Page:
Cohesion (from Latin cohaesiō "cling" or "unity") or cohesive attraction or cohesive force is the action or property of like molecules sticking together, being mutually attractive. It is an intrinsic property of a substance that is caused by the shape and structure of its molecules, which makes the distribution of surrounding electrons irregular when molecules get close to one another, creating electrical attraction that can maintain a microscopic structure such as a water drop. In other words, cohesion allows for surface tension, creating a "solid-like" state upon which light-weight or low-density materials can be placed. Water, for example, is strongly cohesive as each molecule may make four hydrogen bonds to other water molecules in a tetrahedral configuration. This results in a relatively strong Coulomb force between molecules
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Terracettes
In geomorphology, a terracette[1] is a type of landform, a ridge on a hillside formed when saturated soil particles expand, then contract as they dry, causing them to move slowly downhill. An example of this is the manger near the Uffington White Horse. It may also be described as a small, irregular step-like formation on steep hillslopes, especially on those used for pasture which are formed by soil creep or erosion of surface soils exacerbated by the trampling of livestock such as sheep or cattle. Synonyms are: catstep[2][3] cattle terracing, sheep or cattle track. Early investigators believed that animals grazing the hillsides caused them, but further examination revealed places where terracettes abruptly ended at steep rock faces or at soils of different composition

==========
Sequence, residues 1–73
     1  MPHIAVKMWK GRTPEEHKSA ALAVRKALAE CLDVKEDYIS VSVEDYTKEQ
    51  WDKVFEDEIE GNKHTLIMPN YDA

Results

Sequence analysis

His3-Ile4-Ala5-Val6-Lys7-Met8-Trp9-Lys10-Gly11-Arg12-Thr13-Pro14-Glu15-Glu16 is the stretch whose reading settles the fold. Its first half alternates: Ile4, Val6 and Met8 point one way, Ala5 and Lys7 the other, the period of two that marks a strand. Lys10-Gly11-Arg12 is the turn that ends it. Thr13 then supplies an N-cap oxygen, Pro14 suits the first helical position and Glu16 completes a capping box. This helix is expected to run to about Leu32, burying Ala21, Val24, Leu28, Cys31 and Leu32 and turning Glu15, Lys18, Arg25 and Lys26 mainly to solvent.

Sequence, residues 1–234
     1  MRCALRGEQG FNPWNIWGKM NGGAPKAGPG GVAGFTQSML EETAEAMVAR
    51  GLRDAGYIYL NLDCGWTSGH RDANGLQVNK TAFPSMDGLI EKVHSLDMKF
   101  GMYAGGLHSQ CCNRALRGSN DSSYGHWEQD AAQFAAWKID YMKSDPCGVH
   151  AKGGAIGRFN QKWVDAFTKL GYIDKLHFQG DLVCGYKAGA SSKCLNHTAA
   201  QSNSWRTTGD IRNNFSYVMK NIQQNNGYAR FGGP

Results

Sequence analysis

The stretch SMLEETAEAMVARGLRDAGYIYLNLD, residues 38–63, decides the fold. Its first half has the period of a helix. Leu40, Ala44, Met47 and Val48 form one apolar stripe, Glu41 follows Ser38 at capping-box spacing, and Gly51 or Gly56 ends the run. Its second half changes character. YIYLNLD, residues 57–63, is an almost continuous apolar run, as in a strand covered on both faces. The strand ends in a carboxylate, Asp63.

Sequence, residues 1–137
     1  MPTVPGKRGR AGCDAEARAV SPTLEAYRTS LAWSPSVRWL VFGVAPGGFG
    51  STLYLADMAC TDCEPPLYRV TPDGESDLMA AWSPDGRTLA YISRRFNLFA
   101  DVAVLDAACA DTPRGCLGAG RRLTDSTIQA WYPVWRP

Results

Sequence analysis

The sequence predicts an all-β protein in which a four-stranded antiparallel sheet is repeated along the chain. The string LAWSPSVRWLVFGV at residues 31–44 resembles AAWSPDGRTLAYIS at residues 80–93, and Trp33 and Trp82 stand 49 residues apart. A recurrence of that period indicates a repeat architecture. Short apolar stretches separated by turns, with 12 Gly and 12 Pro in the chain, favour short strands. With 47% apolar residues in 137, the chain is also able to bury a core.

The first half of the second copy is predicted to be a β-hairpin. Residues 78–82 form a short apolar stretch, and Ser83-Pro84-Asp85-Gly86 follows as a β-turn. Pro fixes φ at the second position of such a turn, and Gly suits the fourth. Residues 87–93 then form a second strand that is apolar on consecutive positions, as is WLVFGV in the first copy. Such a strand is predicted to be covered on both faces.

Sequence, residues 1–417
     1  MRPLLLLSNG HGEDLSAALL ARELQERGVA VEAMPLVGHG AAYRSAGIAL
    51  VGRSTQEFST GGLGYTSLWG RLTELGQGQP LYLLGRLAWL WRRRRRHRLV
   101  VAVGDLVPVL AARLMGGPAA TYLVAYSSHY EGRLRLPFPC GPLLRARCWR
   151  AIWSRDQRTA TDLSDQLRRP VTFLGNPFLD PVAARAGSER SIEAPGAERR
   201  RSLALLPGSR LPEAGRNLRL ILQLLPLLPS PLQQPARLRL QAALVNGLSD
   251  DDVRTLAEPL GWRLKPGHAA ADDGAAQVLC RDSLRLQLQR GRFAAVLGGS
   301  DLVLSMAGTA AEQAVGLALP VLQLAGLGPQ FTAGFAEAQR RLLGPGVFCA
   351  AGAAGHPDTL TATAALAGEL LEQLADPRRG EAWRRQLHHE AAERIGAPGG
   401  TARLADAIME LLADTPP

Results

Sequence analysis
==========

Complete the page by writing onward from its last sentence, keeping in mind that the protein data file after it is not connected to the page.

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Mars

Mars is the fourth planet from the Sun and the second-smallest planet in the Solar System, being larger than only Mercury. In English, Mars carries the name of the Roman god of war and is often referred to as the "Red Planet".[17][18] The latter refers to the effect of the iron oxide prevalent on Mars's surface, which gives it a reddish appearance distinctive among the astronomical bodies visible to the naked eye.[19] Mars is a terrestrial planet with a thin atmosphere, with surface features reminiscent of the impact craters of the Moon and the valleys, deserts and polar ice caps of Earth. The days and seasons are comparable to those of Earth, because the rotational period as well as the tilt of the rotational axis relative to the ecliptic plane are similar
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Loihi
Lōʻihi Seamount (also known as Lōihi) is an active submarine volcano about 35 km (22 mi) off the southeast coast of the island of Hawaii.[5] The top of the seamount is about 975 m (3,000 ft) below sea level. This seamount is on the flank of Mauna Loa, the largest shield volcano on Earth. Lōʻihi, meaning "long" in Hawaiian, is the newest volcano in the Hawaiian–Emperor seamount chain, a string of volcanoes that stretches about 6,200 km (3,900 mi) northwest of Lōʻihi. Unlike most active volcanoes in the Pacific Ocean that make up the active plate margins on the Pacific Ring of Fire, Lōʻihi and the other volcanoes of the Hawaiian–Emperor seamount chain are hotspot volcanoes and formed well away from the nearest plate boundary